|dc.description.abstract||This study will focus on selected gas shale’s, geological and geochemical properties in Alabama’s Black Warrior Basin, which contains Cambrian through Mississippian shales; these gas-shales that may potentially produce up to 800 trillion cubic feet of natural gas.
This study was performed from a multidisciplinary standpoint where several important aspects of gas-shale production were examined where both industrial and environmental concerns of gas-shale were addressed. Environmental concerns were restricted to aspects of gas-shale production that could potentially contaminate groundwater. Considering industry concerns, special attention was paid to the hydrocarbon development in each of the gas-shales studied. To do this, several techniques were utilized to (1) characterize the variations in gas-shale mineralogy’s, (2) quantify the concentration of trace elements (e.g., those with potential impacts to drinking water), (3) characterize and correlate key organic compounds (i.e., biomarkers) extracted from shales, (4) model the thermal history and hydrodynamic evolution of the basin, and (5) understand how new regulations involving hydraulic fracturing may potentially affect the industrial practices of protecting groundwater supplies.
X-ray diffraction (XRD) and X-ray fluorescence (XRF) techniques were used to characterize the variations in gas shale mineralogy and quantify the concentration of trace elements, especially those with potential to impact potable groundwater if mixing of brine fluids and groundwater occur. The XRD results show that these shales contained varying amounts of quartz, calcite, and sulfide minerals (e.g., pyrite and arsenopyrite). Elevated concentrations of certain trace elements such as arsenic (As) and lead (Pb) are found in all but the Cambrian Conasauga Shale, which is dominated by carbonate minerals (up to 50% by weight). The Neal (Floyd) Shale has the highest sulfide mineral and As contents. Trace metals tend to concentrate in fine-grained sulfide minerals, which commonly serve as the major sinks for toxic metals such as As and Pb under reducing environments. These particular toxic metals are currently regulated by groundwater regulations in Illinois, Colorado, and Pennsylvania, during gas-shale production.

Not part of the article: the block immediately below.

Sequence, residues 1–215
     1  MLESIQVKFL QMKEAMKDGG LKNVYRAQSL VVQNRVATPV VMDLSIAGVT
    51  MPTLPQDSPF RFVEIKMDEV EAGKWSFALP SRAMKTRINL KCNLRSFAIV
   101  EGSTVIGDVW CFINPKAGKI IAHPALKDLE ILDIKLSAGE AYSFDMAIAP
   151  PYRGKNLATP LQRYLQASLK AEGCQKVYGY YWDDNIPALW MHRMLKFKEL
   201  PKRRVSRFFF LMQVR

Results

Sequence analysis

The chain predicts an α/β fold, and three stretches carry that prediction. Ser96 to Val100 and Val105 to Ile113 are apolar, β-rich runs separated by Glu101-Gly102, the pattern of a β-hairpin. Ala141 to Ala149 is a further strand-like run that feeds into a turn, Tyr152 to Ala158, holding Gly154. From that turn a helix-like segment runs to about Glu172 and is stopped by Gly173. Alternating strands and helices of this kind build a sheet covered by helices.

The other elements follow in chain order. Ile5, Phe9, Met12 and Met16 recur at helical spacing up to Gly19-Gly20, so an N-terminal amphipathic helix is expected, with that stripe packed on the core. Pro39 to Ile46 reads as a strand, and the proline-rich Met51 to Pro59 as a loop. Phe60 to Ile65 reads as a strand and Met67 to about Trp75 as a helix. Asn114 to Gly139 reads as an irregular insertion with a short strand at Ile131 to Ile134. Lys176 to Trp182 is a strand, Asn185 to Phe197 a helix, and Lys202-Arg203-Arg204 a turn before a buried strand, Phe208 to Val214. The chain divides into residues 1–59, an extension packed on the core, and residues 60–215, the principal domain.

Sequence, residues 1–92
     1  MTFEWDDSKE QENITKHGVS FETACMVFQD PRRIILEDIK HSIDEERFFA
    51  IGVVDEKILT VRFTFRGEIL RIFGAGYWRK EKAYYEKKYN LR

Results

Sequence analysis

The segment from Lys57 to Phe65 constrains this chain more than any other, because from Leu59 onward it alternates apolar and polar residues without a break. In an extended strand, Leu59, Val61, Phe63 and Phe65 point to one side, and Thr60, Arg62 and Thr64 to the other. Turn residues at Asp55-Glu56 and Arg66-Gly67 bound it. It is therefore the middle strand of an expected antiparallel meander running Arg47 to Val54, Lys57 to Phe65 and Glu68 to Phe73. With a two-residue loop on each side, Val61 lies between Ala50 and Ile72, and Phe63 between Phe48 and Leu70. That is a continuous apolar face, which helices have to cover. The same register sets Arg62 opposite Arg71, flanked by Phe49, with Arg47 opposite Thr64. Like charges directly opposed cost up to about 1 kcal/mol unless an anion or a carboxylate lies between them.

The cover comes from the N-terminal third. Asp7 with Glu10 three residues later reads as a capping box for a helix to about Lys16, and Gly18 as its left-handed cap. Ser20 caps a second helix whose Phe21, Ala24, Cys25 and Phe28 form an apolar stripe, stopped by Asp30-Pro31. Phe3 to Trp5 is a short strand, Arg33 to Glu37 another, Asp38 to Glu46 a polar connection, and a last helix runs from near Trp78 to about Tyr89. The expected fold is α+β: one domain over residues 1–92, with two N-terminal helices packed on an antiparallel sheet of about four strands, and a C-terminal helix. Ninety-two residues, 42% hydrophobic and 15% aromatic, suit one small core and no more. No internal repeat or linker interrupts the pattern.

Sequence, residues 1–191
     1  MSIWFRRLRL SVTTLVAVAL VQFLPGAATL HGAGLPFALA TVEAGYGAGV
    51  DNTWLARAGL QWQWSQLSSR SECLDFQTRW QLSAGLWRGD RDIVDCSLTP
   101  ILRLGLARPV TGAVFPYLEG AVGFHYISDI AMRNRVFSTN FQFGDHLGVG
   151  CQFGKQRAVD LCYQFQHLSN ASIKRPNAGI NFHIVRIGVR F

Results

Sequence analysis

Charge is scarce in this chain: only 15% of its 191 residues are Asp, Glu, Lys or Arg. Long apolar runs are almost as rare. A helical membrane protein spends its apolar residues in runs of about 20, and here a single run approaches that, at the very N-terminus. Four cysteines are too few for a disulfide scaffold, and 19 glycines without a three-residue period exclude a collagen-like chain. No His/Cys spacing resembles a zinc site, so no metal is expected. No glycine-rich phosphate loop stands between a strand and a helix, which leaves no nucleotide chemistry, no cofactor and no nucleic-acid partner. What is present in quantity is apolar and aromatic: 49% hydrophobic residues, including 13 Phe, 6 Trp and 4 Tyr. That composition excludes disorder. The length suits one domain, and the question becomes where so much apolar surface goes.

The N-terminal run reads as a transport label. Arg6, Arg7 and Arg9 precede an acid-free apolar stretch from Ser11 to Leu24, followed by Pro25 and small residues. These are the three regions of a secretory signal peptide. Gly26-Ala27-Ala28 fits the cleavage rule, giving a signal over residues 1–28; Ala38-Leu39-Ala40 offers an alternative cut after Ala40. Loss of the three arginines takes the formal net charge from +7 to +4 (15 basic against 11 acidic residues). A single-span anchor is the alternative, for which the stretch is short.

Similarities in gas fragmentographs of all three biomarkers associated with m/z 191, 217, and 218 suggest a common source of organic carbon for the Devonian Chattanooga Shale and Cambrian Conasauga Shale. By contrast, significantly different biomarker signatures of the Mississippian Neal (Floyd) Shale indicate that organic matter in this younger unit is likely derived from a different source. Geophysical logs (gamma logs) were used to correlate hydro-geologic units in the basin. A three dimensional hydro-stratigraphic framework of the Black Warrior Basin was reconstructed; utilizing this hydro-stratigraphic framework, a two-dimensional transect across the basin was modeled for thermal and hydrologic evolution. The modeling results indicate that major over-pressurization within the Black Warrior Basin occurred during the rapid deposition of the thick Pottsville Formation (Pennsylvanian). It was during Pennsylvanian that the majority of the Neal (Floyd) and Chattanooga shales reached the oil window; the gas window in these units was not reached until the erosion of the Upper Pottsville Formation during Late Pennsylvanian.||en_US